Even before Mobile Justice was released, there was already an entity, called Cop Block, monitoring police brutality and directing public attention at curbing police abuses. “Cop Block is a decentralized effort started to support those wronged by police employees,” explained Peter, the organization’s founder. “By documenting the subpar ‘service’ that typifies police action, it not only focuses attention on the individual aggressor…but makes clear the problem is systemic.”
Any number of the current entries on CopBlock.org features citizens subject to abuse by the police. The incidents aren’t only widespread throughout the country, but depict the clear identity of each offender. It’s too soon to say whether people will start coming forward in record numbers through outlets like Mobile Justice and Cop Block, or if reckless and dehumanizing behavior by law enforcement is now the norm.
“The Mobile Justice app is a welcomed tool to document the pattern of police employee unaccountability,” added Peter. “As those institutionalized double standards are recognized, more individuals who value peace and consensual interactions will choose to no longer grant it perceived legitimacy.”
During protests, especially when the threat of violence is imminent, keeping oneself at a safe distance could be the difference between having the documentation to potentially end a police officer’s career, or being identified and treated as a combatant. The Mobile Justice isn’t designed for filming if you – yourself – are stopped by police, but rather is meant to record events as a third party when one witnesses others engaged by the police.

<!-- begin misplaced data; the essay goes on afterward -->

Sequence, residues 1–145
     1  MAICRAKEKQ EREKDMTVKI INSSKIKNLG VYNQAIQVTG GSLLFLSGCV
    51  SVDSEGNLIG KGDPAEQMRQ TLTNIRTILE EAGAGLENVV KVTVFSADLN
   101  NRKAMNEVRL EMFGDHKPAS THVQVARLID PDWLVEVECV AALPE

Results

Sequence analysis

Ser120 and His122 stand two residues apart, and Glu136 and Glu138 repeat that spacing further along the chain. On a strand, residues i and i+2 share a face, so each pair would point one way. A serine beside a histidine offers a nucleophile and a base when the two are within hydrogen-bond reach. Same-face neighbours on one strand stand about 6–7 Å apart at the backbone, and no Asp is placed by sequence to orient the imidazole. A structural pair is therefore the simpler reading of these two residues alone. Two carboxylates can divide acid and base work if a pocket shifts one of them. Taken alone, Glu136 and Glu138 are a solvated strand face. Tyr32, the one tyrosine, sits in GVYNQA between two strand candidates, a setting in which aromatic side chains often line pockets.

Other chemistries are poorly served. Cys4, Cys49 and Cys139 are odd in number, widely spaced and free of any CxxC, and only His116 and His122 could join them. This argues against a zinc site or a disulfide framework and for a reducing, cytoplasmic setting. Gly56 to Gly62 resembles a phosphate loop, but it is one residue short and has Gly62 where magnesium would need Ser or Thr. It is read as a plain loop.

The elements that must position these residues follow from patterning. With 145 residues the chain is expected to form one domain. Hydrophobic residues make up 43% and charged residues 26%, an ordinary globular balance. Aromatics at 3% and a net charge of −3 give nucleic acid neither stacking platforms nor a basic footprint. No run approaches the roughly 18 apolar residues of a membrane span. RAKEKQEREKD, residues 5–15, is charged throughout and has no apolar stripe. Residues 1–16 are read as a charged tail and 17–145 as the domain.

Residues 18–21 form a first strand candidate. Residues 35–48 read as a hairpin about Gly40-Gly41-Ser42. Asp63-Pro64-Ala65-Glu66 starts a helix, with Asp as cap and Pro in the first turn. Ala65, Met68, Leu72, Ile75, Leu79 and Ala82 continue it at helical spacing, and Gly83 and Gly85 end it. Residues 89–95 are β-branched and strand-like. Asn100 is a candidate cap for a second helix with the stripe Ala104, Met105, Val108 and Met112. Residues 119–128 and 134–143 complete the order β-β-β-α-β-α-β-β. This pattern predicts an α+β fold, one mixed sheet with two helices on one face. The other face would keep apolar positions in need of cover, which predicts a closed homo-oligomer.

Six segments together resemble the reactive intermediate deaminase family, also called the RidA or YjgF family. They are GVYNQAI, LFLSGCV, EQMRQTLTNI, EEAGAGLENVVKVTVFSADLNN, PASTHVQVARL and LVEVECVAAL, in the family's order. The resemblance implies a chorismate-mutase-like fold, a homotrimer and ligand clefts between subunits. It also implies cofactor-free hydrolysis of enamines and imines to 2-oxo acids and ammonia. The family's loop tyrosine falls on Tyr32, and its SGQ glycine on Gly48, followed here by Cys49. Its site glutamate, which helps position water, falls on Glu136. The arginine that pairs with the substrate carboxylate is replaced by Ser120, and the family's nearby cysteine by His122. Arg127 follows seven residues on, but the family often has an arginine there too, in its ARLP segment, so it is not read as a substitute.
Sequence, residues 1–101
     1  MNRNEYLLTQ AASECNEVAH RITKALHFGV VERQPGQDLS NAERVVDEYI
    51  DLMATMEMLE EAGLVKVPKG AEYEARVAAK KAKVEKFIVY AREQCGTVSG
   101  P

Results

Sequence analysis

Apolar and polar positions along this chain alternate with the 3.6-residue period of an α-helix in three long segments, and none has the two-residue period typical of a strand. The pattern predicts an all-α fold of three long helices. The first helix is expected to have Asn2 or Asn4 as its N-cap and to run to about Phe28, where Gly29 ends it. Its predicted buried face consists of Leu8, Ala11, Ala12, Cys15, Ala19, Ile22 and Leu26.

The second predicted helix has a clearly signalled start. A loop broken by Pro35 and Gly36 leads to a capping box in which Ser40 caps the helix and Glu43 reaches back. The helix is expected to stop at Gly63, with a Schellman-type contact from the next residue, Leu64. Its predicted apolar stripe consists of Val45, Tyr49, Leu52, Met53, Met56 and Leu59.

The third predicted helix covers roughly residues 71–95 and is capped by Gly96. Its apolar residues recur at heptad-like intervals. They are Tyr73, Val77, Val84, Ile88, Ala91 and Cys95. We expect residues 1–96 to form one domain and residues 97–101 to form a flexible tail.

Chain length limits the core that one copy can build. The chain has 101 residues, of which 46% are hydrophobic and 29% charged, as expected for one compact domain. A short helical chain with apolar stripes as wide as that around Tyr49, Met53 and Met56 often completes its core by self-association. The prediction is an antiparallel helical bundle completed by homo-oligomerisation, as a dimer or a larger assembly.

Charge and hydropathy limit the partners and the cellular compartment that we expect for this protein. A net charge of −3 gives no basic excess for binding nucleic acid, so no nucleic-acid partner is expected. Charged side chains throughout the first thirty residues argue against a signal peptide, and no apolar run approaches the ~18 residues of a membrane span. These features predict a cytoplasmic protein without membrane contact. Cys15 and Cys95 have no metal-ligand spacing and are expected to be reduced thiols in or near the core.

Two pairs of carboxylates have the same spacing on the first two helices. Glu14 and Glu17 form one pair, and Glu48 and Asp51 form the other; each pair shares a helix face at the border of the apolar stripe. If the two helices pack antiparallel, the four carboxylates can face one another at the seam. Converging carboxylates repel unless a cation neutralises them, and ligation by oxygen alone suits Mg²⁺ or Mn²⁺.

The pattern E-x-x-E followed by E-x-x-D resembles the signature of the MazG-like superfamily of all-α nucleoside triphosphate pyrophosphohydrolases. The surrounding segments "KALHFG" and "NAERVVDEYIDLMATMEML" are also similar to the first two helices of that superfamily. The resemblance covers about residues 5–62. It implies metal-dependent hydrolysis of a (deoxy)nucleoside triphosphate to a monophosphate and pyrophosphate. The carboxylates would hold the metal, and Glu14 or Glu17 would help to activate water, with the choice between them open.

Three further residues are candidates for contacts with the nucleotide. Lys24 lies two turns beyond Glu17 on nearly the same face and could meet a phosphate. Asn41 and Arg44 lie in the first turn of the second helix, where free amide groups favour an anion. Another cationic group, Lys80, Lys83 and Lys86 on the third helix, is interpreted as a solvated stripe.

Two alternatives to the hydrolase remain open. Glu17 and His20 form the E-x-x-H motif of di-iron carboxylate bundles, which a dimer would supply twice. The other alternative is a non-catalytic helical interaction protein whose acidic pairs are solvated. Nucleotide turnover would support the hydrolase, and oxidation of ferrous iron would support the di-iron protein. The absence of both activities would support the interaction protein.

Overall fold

“It’s not that you’re not allowed to film police when you’re being stopped, but if you think about the mechanics of it, it might not be the best idea to reach into your pocket to pull out your phone to do it,” clarified Armstrong. “So part of elevating the conversation is letting people know, ‘Hey, you can do this for your fellow community members.’ The police can ask you to back up, but you are allowed to film.”
Mobile Justice can be seen as attempt to take power back from law enforcement, and to make sure that unlawful transgressions against civilians don’t go unnoticed. But police still wield great power in deciding when and if they can be filmed. “If you’re looking to record an interaction that the police have with someone, it’s better to be farther back to get a broad picture of what’s going on,” said Sgt. Simpson of the Portland P.D. “You’re going to catch more of the action with a wider screen or wider lens then you would right in the middle of something.”
There were no smartphones present during the fatal police shooting of 12-year-old Tamir Rice in Cleveland last November, but there was a security camera positioned far enough away to catch the entire incident. Yet Cleveland Mayor Frank G. Jackson denies “systemic failure” as the cause either for Rice’s death, the delay in medical attention, or the assault and detainment of Rice’s sister on the scene.
In New York, NYPD Union President Patrick Lynch went as far to say the cause of Eric Garner’s death by suffocation at the hands of police was his own fault: because he resisted. Compared to the footage in the Tamir Rice killing, smartphone footage revealed Garner’s pleas for air in close-up detail until he perished.
“We have all seen instances where video captures a piece of an interaction but doesn’t reflect the true interaction,” added Simpson. “I think we have to acknowledge that people are upset, and understand that although these things happen in places thousands of miles away, people are going to maybe take that out on the person they see in front of them.”
Every year, the Oregon ACLU receives over 2,000 requests via email or phone for legal assistance. With Mobile Justice acting as a direct pipeline to register complaints, that number is expected to grow. The videos the group receives are also intended to further the public’s conversation about police practices with lawmakers and legislators.
“Hopefully by launching the app we’re letting people know that they have the right to film police,” explained Armstrong. “They can film police interactions that they see happening as a way to show police that we’re watching – and that we will hold police to the standards that the communities says are what we need.”